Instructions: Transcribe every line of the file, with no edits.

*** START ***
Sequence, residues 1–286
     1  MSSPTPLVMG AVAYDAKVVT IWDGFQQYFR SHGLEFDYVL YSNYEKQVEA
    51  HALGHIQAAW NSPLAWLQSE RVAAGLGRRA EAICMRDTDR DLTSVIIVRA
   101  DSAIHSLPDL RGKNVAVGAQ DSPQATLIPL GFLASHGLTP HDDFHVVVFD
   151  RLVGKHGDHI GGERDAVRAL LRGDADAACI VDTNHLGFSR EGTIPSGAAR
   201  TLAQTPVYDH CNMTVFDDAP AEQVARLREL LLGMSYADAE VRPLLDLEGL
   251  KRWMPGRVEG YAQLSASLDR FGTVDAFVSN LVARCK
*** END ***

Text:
Sequence, residues 1–286
     1  MSSPTPLVMG AVAYDAKVVT IWDGFQQYFR SHGLEFDYVL YSNYEKQVEA
    51  HALGHIQAAW NSPLAWLQSE RVAAGLGRRA EAICMRDTDR DLTSVIIVRA
   101  DSAIHSLPDL RGKNVAVGAQ DSPQATLIPL GFLASHGLTP HDDFHVVVFD
   151  RLVGKHGDHI GGERDAVRAL LRGDADAACI VDTNHLGFSR EGTIPSGAAR
   201  TLAQTPVYDH CNMTVFDDAP AEQVARLREL LLGMSYADAE VRPLLDLEGL
   251  KRWMPGRVEG YAQLSASLDR FGTVDAFVSN LVARCK